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Problem Set 3 Solutions

Problem Set 3 Solutions - Problem Set 3 Solutions 1 If two...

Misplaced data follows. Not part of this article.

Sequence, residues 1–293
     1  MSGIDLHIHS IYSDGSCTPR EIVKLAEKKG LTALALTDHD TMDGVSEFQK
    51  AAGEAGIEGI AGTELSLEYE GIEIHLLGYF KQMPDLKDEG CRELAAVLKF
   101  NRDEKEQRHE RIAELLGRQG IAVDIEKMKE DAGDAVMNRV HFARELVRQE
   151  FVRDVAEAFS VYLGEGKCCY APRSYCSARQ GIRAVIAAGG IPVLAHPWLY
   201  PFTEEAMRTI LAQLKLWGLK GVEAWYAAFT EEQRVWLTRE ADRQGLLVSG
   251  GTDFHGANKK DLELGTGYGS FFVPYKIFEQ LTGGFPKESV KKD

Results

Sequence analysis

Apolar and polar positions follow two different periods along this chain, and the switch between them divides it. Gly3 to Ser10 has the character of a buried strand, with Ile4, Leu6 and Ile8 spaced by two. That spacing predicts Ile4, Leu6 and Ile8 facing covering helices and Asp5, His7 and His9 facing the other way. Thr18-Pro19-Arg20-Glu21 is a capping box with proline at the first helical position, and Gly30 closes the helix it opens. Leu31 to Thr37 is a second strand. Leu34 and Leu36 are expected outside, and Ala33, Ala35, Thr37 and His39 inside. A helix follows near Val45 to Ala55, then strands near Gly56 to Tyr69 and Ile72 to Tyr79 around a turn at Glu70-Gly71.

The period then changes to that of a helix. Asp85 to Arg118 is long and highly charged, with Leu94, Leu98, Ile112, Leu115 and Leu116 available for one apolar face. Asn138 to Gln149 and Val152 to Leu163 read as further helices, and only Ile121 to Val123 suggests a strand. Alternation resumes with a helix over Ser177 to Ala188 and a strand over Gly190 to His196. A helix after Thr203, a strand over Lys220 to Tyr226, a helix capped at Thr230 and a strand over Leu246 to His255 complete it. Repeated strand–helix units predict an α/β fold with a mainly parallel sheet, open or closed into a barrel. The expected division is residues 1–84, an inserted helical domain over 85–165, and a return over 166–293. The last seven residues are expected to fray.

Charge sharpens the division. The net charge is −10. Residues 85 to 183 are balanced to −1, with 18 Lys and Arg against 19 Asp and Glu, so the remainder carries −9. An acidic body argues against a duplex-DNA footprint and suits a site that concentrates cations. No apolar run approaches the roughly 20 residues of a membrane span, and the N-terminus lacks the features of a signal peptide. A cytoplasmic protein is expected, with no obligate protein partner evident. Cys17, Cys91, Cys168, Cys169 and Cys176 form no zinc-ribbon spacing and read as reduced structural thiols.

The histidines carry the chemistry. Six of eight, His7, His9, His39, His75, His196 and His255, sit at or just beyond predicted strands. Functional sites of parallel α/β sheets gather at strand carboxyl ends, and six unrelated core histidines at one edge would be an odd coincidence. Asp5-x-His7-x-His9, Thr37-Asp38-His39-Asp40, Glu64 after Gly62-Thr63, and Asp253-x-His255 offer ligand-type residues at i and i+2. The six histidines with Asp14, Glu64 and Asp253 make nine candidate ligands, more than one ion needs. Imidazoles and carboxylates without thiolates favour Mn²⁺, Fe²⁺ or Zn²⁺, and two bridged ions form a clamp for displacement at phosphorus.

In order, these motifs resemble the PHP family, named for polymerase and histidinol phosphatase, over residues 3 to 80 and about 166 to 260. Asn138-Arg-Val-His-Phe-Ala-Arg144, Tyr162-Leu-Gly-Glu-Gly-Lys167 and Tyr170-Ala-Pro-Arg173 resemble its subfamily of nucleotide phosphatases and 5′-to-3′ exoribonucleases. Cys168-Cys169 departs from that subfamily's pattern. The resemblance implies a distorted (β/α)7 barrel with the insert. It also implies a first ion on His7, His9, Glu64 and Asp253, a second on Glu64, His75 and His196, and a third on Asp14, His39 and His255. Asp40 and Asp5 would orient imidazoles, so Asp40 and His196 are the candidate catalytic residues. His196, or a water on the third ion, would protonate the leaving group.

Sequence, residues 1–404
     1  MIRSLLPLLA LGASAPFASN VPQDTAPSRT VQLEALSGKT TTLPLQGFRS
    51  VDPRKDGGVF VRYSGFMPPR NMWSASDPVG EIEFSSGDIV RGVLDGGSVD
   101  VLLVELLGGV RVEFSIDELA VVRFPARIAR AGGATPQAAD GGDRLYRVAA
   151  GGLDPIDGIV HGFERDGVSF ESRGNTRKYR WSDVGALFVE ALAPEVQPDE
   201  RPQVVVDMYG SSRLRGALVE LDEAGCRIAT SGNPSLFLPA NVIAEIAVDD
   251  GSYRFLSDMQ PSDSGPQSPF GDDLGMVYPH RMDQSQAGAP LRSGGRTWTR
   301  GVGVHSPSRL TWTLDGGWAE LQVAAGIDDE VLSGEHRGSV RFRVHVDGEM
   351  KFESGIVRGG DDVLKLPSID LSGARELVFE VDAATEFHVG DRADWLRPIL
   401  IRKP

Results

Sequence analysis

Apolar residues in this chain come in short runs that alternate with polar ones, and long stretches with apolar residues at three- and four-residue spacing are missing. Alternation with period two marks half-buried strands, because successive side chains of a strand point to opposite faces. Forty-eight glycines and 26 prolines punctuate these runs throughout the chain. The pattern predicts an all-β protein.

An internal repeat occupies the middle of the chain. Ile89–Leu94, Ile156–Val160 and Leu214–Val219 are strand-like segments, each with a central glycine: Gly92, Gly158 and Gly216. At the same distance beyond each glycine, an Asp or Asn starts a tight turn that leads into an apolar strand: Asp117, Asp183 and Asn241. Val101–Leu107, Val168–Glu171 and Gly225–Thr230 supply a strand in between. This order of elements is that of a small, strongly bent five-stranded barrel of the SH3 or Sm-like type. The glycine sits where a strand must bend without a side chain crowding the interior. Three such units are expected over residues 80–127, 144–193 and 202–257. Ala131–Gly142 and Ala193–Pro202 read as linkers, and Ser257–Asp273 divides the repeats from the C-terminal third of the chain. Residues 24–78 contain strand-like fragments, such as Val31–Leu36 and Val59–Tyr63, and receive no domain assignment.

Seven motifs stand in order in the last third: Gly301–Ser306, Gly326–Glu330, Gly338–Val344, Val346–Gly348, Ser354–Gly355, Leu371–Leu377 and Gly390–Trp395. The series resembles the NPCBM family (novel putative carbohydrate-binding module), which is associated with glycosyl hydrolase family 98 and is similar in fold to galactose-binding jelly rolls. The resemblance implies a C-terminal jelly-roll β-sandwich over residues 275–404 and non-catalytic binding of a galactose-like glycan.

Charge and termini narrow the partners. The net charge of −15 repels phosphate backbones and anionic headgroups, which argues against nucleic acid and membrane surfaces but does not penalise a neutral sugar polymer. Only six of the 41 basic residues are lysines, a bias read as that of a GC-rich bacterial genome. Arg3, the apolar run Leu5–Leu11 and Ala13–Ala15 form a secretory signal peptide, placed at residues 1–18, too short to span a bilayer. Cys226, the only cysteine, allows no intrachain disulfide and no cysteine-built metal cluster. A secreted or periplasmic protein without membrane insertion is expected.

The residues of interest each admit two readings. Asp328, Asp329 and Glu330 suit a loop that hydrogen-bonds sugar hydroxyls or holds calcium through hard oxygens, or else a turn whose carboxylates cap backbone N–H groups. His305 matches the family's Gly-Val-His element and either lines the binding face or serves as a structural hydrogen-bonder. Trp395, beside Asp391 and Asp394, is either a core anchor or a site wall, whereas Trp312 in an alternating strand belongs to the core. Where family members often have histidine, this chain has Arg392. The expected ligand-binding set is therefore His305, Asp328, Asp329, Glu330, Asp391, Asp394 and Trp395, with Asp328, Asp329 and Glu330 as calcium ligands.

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Problem Set 3 - Solutions 1. If two goods are perfect complements then a change in the price of one good without a change in wealth will not affect demand for the other good. The problem is that when the price of a good changes the effect on demand for the good is composed of a substitution effect (demand change from pure price change) and an income effect (price change affects income, which then affects demand). In order to see the substitution effect, we need to change price while holding utility constant and then see if the quantities demanded change. In the graph we start at point A with the steep budget constraint. Now Px falls and we draw a new budget constraint reflecting the same amount of Y and a larger quantity of X (dashed line). Notice the consumer has purchased more of X and Y but we don’t know if this is the substitution effect or income effect. If we draw a third budget constraint reflecting the new price scheme but tangent to the original utility curve (dotted line) we see that demand does not change. This implies there is no substitution effect and the increased demand results only from the income effect. We start at point A on indifference curve U 0 and with the steep budget constraint (dotted). The consumer chooses bundle A because the MRS < Px/Py (the ratio of marginal utilities is less than the ratio of prices). Then Px decreases and we draw two new budget lines, one tangent to the original indifference curve and the other reflecting the original wealth and new price of good X. In both cases the consumer only consumes good X (MRS > ratio of prices). The substitution effect is the quantity from the origin to C, while the income effect is from C to B. Other cases: Note that if the MRS is smaller than the price ratio before and after a change in Px, then there is no change: both the income and substitution effects are zero. If the MRS is bigger X Current BC BC utility compensated BC after price change Y M Curr M Util A B X UTILITY CURVES!
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